By Jeff Balke
By Aaron Reiss
By Angelica Leicht
By Dianna Wray
By Aaron Reiss
By Camilo Smith
By Craig Malisow
By Jeff Balke
Pay Now or Pay Later
I must say I was fascinated with your article on inmate health care at the University of Texas Medical Branch ["Critical Diagnosis," by Michael Berryhill, January 22]. Your reporter seems to suggest that nothing will be done to correct this injustice because these are only criminals, who deserve everything they get. To take the attitude that prisoners are undeserving of quality health care because of their status as prisoners misses the point. Prisoners are still human beings who should be treated with something resembling human dignity.
Unfortunately, the point you make with this article is merely another symptom of what is wrong with our criminal justice system as a whole. There is a tendency now to treat all of those who are on the "wrong" side of the law as something less than human. We can do anything we want to them; after all, they are just criminals. Unless you kill all of them, at some time they'll have to live in society. We will either pay now or pay later.
Brian D. Lacour
I am writing concerning the article written by Michael Berryhill regarding the medical care for Texas prisoners. My son has been in the prison system for almost two years. We are extremely grateful to have just received the news that the court of appeals has reversed his case and he is coming home. But what is coming home is not the son who went in.
He went in with mental illnesses the system at first refused to treat. When they agreed to treat him, after my state senator became involved, the medications used were old and outdated. My son had a serious negative reaction to the medications, and because he was not monitored at the time, suffered serious physical injuries that went untreated by the system for the entire time of his incarceration.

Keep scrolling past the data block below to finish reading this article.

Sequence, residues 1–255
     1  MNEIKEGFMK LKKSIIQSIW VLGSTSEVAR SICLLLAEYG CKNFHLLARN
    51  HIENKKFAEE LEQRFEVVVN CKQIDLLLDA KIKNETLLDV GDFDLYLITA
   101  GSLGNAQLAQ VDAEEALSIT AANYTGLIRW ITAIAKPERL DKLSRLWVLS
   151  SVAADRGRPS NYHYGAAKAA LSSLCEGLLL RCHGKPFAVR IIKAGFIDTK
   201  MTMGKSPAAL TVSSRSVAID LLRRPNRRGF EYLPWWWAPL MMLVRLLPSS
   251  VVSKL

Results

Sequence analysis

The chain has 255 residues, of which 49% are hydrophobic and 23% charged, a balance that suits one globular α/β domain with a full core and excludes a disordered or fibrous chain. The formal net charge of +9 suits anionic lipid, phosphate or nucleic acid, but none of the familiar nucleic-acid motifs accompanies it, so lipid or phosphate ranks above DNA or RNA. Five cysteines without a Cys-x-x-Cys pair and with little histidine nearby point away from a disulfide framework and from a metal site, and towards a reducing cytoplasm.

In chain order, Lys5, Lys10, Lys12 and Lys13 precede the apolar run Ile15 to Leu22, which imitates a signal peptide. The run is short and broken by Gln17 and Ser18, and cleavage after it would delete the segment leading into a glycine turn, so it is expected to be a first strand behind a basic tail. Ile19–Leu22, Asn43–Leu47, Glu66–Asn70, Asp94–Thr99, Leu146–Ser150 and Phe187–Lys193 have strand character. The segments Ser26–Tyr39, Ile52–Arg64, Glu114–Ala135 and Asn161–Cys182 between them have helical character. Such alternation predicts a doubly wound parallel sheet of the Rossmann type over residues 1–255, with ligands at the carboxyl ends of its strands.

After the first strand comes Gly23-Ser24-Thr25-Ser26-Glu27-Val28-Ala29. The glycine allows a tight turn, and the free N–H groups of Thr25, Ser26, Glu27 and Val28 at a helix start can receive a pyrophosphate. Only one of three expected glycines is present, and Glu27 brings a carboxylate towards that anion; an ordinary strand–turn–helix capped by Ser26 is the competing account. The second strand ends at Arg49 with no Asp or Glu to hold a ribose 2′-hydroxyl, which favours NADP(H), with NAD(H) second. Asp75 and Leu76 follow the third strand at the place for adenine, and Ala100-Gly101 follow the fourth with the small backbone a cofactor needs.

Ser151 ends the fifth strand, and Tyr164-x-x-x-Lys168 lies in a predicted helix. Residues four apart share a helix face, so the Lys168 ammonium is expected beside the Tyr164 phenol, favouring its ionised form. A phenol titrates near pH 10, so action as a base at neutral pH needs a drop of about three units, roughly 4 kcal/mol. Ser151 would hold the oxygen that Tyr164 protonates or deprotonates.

My son's is but one story. He is coming home to live a life less than what is rightfully his. His rights were violated again and again. I would like to thank Mr. Berryhill for sending out the information on the medical concerns of myself and many other citizens of Texas who have loved ones in prison. Whether society wants to hear about it or not, we must let people know. As fast as the prison population in this state is growing, eventually it will be one of their loved ones.
Occasional Squishy Avocado: No Big Deal!
Regarding "Raw Competition" [Dish, by Meredith L. Patterson, January 8]: I wonder if your critic hasn't lost perspective. She rants twice about one particular "sin" -- a squishy sliver of avocado in her California roll during her "last trip ever" to Miyako. And she bemoans a teensy-weensy 15-cent price hike on most happy-hour sushi. Good gosh, that brings the price to a whopping $1.15 per piece! Considering that Japanese restaurants in cities as close as Dallas and as far away as Sydney are charging at least twice as much, I'll stick with Miyako and tolerate an occasional squishy avocado.
Houston, Home of Decent, Cheap Sushi
Relocating to Houston from Honolulu had plenty of downsides; finding decent sushi at Miyako for a fraction of what I used to pay wasn't one of them. If needling them about a piece of mushy avocado contained in a California roll is fair, you might also commend them for pricing that makes Japanese food more accessible to Houstonians of average income.
Your critic was right on target about Cafe Japon's dip in quality. I see their frenetic expansion and I'm certain that drive-through windows will materialize on their future restaurants. As for Miyako: Hey, lay off. They are the original purveyor of "sushi happy hour," and if they had to extend their happy hour to keep pace with their megalomaniacal competitors at Cafe Japon, all the better for us.
P.S. By the way, Cafe Japon has five restaurants versus Miyako's four, not "twice as many," as your critic stated.
I recently had the pleasure of attending a jam session at Antone's in Austin, with Tommy Shannon playing as part of the house band. I've played in blues bands with some excellent bass players, but Shannon's presence on the stage is like the Rock of Gibraltar. Rock-solid riffs emanated from his hands through the bass and carried the whole band as they moved from one song to the next. I was watching a true master at work and will remember this experience for a long time. If you haven't seen the man play, you are really missing out. The recent article about Shannon ["Cry Tough," by Josh Alan Friedman, January 15] was a really touching piece. His roller-coaster ride through life is mirrored in the music he plays.
Three Sides to the Story
I enjoyed the article on Tommy Shannon -- good stuff. However, please note that Johnny Winter's Second Winter is not the only three-sided LP in history (it may have been the first). In 1986, Joe Jackson came out with Big World, another three-sided LP. Don't mean to be nitpicky, but I felt the correction was necessary.